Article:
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Choice of Law Regarding Automatic Assignment of Workers Compensation Claim

Posted by Ted A. Schmidt | Feb 14, 2019 | 0 Comments

Jackson v. EAGLE KMC L.L.C., __Az Adv. Rep. __ No. CV-18-0056-PR (January 2, 2019) (J. Gould) https://www.azcourts.gov/Portals/0/OpinionFiles/Supreme/2019/Jackson%20v.%20Eagle.pdf

LAW OF STATE WHERE WORKERS COMPENSATION BENEFITS ARE PAID DETERMINES ASSIGNMENT RIGHTS OF EMPLOYER AND EMPLOYEE

The plaintiff was a truck driver for a Drivers Management, a Nebraska company,  being trained by Eagle, an Arizona company. The training was conducted in Arizona. While plaintiff was riding in a vehicle driven by an Eagle employee in Arizona she was injured in a collision. Plaintiff made a workers compensation claim in Nebraska which was paid.

Just before the two year statute of limitations ran on her claim the Eagle employee negligently caused her injury, she filed a lawsuit in Arizona naming that driver and pursuant to Nebraska law, naming her employer Drivers Management. Nebraska law provides where workers compensation is paid the employer has a subrogation interest against any recovery against a third party and if suit is brought by the worker against the third party the employer must be named in the lawsuit. Nebraska, unlike Arizona, has no statute assigning a third party claim to the workers compensation carrier after a year. 

Eagle's motion for summary judgment based upon A.R.S. § 23-1023(B)  was granted by the trial court. Eagle argued this statute automatically assigned this claim to the workers compensation carrier after one year and plaintiff no longer had a right to pursue it. The Arizona Court of Appeals reversed. The Arizona Supreme Court vacated the court of appeals decision and reversed and remanded the superior court stating:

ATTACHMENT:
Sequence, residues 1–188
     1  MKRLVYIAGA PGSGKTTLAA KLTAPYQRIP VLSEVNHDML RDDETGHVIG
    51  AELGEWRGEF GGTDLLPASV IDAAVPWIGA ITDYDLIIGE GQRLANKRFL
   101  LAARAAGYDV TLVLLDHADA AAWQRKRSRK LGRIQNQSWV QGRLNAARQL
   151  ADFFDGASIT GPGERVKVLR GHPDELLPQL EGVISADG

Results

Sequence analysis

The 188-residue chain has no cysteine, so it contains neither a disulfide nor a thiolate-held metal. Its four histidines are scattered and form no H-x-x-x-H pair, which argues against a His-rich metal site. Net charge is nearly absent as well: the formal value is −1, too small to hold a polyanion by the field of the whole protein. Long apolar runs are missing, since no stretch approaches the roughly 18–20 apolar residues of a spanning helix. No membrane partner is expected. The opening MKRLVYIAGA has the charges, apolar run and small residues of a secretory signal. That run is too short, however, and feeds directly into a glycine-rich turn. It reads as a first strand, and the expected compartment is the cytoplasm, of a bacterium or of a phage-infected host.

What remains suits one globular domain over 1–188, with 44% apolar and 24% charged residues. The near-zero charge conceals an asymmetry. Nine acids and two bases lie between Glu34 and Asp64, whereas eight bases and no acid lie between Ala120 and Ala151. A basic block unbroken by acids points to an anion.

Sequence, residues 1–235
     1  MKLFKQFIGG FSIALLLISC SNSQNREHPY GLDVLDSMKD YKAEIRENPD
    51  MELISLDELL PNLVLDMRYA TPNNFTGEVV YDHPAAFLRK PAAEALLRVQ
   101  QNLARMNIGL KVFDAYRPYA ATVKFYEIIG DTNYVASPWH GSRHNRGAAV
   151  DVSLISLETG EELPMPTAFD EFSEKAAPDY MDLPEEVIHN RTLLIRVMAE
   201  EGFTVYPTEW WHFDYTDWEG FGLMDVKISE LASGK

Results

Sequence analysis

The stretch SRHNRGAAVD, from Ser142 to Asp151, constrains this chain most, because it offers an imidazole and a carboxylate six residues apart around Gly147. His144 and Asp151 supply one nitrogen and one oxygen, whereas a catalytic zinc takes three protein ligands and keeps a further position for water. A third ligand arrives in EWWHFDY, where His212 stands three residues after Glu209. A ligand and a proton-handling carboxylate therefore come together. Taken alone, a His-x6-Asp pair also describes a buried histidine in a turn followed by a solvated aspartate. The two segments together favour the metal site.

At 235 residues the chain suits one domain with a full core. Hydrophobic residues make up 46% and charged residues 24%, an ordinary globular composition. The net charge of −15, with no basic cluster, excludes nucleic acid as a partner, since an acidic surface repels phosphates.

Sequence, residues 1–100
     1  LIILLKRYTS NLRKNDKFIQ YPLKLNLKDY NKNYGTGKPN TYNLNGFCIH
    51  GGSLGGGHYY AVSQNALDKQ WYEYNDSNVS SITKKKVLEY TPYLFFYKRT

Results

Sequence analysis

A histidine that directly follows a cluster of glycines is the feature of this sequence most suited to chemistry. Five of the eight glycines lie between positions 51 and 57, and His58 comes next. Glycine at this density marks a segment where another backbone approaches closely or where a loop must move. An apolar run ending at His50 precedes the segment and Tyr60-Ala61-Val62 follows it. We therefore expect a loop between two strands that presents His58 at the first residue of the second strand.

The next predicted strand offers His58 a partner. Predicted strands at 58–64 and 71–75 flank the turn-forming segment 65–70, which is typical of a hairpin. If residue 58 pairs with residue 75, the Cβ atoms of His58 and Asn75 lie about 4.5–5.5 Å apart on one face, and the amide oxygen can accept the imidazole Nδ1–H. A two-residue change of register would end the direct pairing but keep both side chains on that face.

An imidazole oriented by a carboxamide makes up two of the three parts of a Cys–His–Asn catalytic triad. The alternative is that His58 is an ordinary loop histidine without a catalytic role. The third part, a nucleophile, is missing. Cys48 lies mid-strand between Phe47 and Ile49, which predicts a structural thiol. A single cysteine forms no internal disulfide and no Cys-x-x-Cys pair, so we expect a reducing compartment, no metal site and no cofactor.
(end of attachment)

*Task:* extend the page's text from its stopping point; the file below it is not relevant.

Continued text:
We hold that Arizona's automatic assignment provision in A.R.S. § 23-1023(B) does not apply when an employee receives workers' compensation benefits under another state's laws. Rather, the law of the state in which an employee's workers' compensation is paid determines the assignment rights of the employer and employee.

See Quiles v. Heflin Steel Supply Co., 145 Ariz. 73, 77 (App. 1985); Restatement (Second) of Conflict of Laws § 185 (Am. Law Inst. 1971)

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About the Author

Ted A. Schmidt

Ted's early career as a trial attorney began on the other side of the fence, in the offices of a major insurance defense firm. It was there that Ted acquired the experience, the skills and the special insight into defense strategy that have served him so well in the field of personal injury law. Notable among his successful verdicts was the landmark Sparks vs. Republic National Life Insurance Company case, a $4.5 million award to Ted's client. To this day, it is the defining case for insurance bad faith, and yet it is only one of several other multi-million dollar jury judgments won by Ted during his career. He is certified by the State Bar of Arizona as a specialist in "wrongful death and bodily injury litigation".

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